After two bunch sprint stages in the Volta a Catalunya, the race moves into much hillier, less predictable waters on day three, and breakaway specialists such as Britain’s Steve Cummings (Dimension Data) could come to the fore.
The reigning British national road race and time trial champion finished 175th, and last, on Monday’s opening stage, at 6:13 down. A further 7:42 was shipped on stage 2.
“He was tired after doing Milan-San Remo and then coming straight here,” Dimension Data director Bingen Fernandez told Cyclingnews after stage 2. However, the time lost has its advantages, given that whatever Cummings tries to do he is no longer likely to suffer from collateral damage in the on-going GC battle.
“The great thing about Steve is nobody knows when he could try to make it into a breakaway,” said Fernandez. “It just happens. I think that sometimes not even Steve knew it was going to happen. It’s all a bit unpredictable.”
The Volta a Catalunya enters equally uncharted terrain on stage 3 following the cancellation of the toughest climb to Vallter 2000 because of the risk of avalanches. Fortunately, the weather forecast is for it to stay dry, with only a minor risk of snow showers, although it will be very cold.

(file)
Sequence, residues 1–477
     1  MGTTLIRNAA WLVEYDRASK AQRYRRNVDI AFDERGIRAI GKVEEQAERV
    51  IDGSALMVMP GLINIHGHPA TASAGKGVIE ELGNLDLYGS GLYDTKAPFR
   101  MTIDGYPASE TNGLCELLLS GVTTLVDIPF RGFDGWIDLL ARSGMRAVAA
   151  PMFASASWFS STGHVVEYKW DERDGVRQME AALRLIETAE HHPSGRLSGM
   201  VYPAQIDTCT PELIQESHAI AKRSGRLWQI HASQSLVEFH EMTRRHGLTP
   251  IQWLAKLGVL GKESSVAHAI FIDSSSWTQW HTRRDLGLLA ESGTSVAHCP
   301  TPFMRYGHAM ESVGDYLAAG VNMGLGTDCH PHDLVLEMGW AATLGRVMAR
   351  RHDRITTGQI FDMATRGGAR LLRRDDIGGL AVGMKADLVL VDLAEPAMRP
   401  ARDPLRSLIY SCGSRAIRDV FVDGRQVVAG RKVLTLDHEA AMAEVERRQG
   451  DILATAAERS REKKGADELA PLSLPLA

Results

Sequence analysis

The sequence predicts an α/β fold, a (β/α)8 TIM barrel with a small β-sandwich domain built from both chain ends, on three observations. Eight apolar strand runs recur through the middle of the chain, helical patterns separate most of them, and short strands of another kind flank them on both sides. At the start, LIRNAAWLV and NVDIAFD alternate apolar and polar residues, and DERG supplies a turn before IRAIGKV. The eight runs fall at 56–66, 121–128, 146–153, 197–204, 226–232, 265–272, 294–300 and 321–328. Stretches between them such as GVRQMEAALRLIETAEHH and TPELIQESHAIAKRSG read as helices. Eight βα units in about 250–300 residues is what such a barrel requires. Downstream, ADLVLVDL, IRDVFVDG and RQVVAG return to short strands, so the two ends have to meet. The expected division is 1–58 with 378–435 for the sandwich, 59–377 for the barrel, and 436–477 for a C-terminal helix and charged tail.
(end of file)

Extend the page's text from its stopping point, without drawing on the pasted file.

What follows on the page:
The GC battle will likely dominate on stage 4’s summit finish at La Molina, but there could well be further opportunities for breakaways in the final half of the race.
“I haven’t really raced, so I just need to get into it, find the race rhythm,” Cummings told Cyclingnews the morning before the Volta began. “I did Abu Dhabi, but I don’t like the style of that race, there’s never really any breaks, it’s either too easy or a bunch sprint.
“Here’s good, the level is really high. Ideally, I’d have done another race earlier and had more time to adjust, but it is what it is. I’ve done good training, but you need the race confirmation of your form because racing is always something else.”
Cummings is one well-known breakaway specialist, but another, Thomas De Gendt (Lotto-Soudal), is also taking part. De Gendt has had a fair degree of success in Catalunya: he won a stage to Port Ainé in the Volta 2016, as well as the king of the mountains classification, and also took the stage to Barcelona back in 2013.
The fact that the GC battle is very tight in Catalunya does not tend to have much effect on the chances of a breakaway, Cummings says. “After those tough mountain stages in the Pyrenees, the time gaps tend to be pretty big between the top contenders and the rest of us riders behind.
“So, if you get the right combination, it takes a long time for the breakaway to happen, but there are not so many sprinters here” - and one, Nacer Bouhanni (Cofidis), has already abandoned - “so there are chances.”
After the Volta a Catalunya, Cummings will head to the Vuelta al País Vasco, where he has won a stage in the past, and then onto Ardennes Classics of Flèche Wallonne and Liège-Bastogne-Liège.